Transient Paresthesias In A Spear Tackling Football Player - Page #4
 

Working Diagnosis:
Cervical cord neurapraxia
Congenital cervical canal stenosis

Treatment:
He was discharged from the ER with instructions to follow up with a spine specialist to discuss return to play.

Outcome:
The patient's symptoms resolved. The visiting team physician cleared him for return to contact sports. He finished the football season with no further symptoms.

Author's Comments:
Cervical cord neurapraxia consists of sensory and/or motor changes in two or more extremities. It is believed to be associated with congenital stenosis. The torg ratio on C-spine x-rays is a method used to assess the size of the cervical canal. Current studies have raised concern regarding its validity in athletes with large vertebral bodies. Bilateral upper and/or lower extremity neurologic symptoms should prompt further imaging of the C-spine. Athletes may describe this as a “both arm stinger." No known cases of CCN have led to quadriplegia, though there are rare reports of permanent neurologic symptoms. Recurrent CCN occurs in up to 56% players who return to play. Controversy still exists regarding return to play due to lack of data given low incidence of CCN.

Editor's Comments:
This case highlights the gray area in management of cervical cord neuropraxia, an extremely rare event occurring in 0.17 per 100,000 high school athletes and 2.05 per 100,000 college athletes. The infrequent occurrence of CCN makes data-driven analysis difficult and instead pushes us toward acceptance of expert opinion in the management of these athletes.
A recent meta-analysis summarizes the paucity of data on the controversial subject, concluding there is weak evidence patients with CCN and evidence of cord compromise should be withheld from sport and that there is strong evidence patients without cord compromise should be allowed to return to play. CCN is best imaged with MRI as plain x-ray is unreliable in showing cord stenosis. Reoccurrence of CCN is associated with a decrease in Torg ratio (0.65 vs 0.72), canal diameter (8.7 vs 10.1 mm), and space available for the cord (1.1 vs 2.0 mm). However, none of the 110 athletes in this study experienced permanent sequelae, making it difficult to include these criteria as absolute contraindications to return to play. Based on these imaging critera,it would seem that the patient in our case was safe to return to play.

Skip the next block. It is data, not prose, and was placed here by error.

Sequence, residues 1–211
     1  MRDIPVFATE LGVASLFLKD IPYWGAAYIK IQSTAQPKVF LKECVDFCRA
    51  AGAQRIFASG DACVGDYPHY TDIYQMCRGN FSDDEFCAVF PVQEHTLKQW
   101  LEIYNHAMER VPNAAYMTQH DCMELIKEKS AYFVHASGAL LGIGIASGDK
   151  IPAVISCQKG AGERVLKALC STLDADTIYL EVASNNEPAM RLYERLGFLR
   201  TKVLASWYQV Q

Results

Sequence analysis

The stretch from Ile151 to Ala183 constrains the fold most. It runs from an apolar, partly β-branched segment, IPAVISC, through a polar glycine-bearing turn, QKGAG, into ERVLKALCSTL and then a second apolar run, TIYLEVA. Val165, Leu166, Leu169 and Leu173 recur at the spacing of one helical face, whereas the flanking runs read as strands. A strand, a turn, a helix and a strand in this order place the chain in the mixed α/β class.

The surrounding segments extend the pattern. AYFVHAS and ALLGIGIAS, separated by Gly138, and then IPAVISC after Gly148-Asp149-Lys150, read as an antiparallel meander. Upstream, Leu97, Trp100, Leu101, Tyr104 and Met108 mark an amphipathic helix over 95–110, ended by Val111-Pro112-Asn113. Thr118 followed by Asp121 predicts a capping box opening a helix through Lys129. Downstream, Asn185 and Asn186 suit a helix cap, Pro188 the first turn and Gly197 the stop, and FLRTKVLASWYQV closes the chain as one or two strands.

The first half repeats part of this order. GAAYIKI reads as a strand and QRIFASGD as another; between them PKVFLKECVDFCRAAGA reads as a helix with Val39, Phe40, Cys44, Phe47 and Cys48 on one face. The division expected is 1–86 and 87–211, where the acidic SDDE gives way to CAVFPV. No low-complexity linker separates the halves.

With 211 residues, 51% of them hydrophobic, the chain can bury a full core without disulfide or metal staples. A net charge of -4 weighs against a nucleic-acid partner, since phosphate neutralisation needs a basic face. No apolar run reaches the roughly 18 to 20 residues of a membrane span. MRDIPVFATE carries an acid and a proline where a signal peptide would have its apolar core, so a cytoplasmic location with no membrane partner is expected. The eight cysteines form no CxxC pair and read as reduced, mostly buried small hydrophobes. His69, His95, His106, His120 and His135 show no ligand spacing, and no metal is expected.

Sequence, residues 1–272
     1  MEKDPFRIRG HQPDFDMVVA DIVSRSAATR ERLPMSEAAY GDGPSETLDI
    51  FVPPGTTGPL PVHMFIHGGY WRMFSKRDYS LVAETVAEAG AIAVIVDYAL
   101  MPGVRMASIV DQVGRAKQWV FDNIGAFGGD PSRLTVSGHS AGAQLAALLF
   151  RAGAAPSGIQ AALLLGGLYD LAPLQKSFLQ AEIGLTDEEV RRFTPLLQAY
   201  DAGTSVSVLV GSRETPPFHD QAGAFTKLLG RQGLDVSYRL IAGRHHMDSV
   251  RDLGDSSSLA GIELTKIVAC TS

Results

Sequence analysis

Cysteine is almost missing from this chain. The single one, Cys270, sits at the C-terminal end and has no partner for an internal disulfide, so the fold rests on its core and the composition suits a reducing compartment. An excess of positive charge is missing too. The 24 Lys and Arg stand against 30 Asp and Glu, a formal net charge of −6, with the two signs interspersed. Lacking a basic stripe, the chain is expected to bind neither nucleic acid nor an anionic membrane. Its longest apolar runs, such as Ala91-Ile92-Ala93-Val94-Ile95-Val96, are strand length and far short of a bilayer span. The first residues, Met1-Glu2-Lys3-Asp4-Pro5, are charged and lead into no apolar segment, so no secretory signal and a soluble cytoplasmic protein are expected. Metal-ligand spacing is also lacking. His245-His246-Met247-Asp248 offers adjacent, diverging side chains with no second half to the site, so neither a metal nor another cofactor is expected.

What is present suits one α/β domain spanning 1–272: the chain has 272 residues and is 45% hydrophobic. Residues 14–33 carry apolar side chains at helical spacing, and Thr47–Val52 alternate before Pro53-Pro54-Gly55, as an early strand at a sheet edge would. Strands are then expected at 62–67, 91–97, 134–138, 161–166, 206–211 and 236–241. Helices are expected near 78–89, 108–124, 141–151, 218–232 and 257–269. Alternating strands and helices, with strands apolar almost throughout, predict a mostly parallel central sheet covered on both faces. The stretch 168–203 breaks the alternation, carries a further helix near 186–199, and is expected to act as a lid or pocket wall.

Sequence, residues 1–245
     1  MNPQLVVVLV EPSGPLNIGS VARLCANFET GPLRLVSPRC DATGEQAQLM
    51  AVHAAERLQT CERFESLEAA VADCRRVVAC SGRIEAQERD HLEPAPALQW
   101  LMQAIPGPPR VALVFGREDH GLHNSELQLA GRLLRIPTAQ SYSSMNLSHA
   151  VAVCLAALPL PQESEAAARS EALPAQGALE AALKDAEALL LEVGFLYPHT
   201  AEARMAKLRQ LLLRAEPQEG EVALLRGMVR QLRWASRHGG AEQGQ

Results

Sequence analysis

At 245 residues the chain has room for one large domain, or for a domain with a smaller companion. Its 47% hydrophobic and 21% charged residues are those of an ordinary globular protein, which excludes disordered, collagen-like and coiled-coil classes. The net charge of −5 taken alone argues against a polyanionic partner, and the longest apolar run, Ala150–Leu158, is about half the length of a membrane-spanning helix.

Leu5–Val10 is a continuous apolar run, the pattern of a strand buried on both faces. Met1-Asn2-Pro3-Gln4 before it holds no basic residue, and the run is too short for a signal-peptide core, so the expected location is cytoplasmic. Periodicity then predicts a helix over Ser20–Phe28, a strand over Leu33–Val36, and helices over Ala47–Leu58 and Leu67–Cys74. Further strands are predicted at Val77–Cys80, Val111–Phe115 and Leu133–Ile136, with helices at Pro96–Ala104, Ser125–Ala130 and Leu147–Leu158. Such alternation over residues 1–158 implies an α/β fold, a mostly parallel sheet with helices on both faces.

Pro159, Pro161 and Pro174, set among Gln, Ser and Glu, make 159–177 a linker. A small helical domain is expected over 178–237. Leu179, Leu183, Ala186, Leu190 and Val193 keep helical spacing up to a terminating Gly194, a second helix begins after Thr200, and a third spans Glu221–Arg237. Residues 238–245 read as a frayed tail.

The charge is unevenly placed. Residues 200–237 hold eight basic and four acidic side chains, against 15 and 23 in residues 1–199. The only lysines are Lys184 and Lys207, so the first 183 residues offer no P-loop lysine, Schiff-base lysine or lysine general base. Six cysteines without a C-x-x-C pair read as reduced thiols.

However, a few absolute contraindications do exist, including demonstrated instability, permanent neurological deficit, return to baseline > 36 hours, various congenital abnormalities, multilevel fusions, basilar invagination, prior laminectomy, and a few other rare conditions. Some of these conditions have documented reports of athletes who returned to play after CCN only to suffer permanent neurologic damage including quadriplegia. Perhaps the most important to our case is permanent neurological deficit, which our patient seems to have based on his decreased sensation to light touch over the left antecubital fossa.
In conclusion, undoubtedly the debate will continue as long as definitive data is absent, but it seems that although the reoccurrence rate is very high, there is little evidence to suggest permanent damage results in return to play for patients with mild stenosis. Nevertheless, expert consensus is to exclude these athletes from return to play. Some data does exist to conclude that patients with instability, permanent neurologic deficit, or slow return to baseline should not be returned to play under any circumstance.

References:
1. Boden, BP. Cervical spine injuries. In: Seidenberg, PH, and Beutler, AI, eds. The Sports Medicine Resource Manual. 1st ed. Philadephia, PA: Saunders Elsevier; 2008: 279-280.
2. Boden, BP, et al. Catastrophic cervical spine injuries in high school and college football players. Am J Sports Med. 2006; 34 (8):1223-1232.
3. Torg, JS., et al. The relationship of developmental narrowing of the cervical spinal canal to reversible and irreversible injury of the cervical spinal cord in football players. J Bone Joint Surg Am. 1996; 78: 1308-14.
4. Torg, JS., et al. Cervical cord neurapraxia: classification, pathomechanics, morbidity, and management guidelines. J Neurosurg. 1997 Dec; 87: 843-850.
5. Brigham, CD., Adamson, TE., Permanent partial cervical spinal cord injury in a professional football player who had only congenital stenosis: A case report. J Bone Joint Surg Am. 2003; 85: 1553-1556.


ADDITIONAL EDITOR REFERENCES
1. Dailey A, Harrop JS, France JC. High-energy contact sports and cervical spine neuropraxia injuries: what are the criteria for return to participation? Spine. 2010 Oct 1;35(21 Suppl):S193-201.

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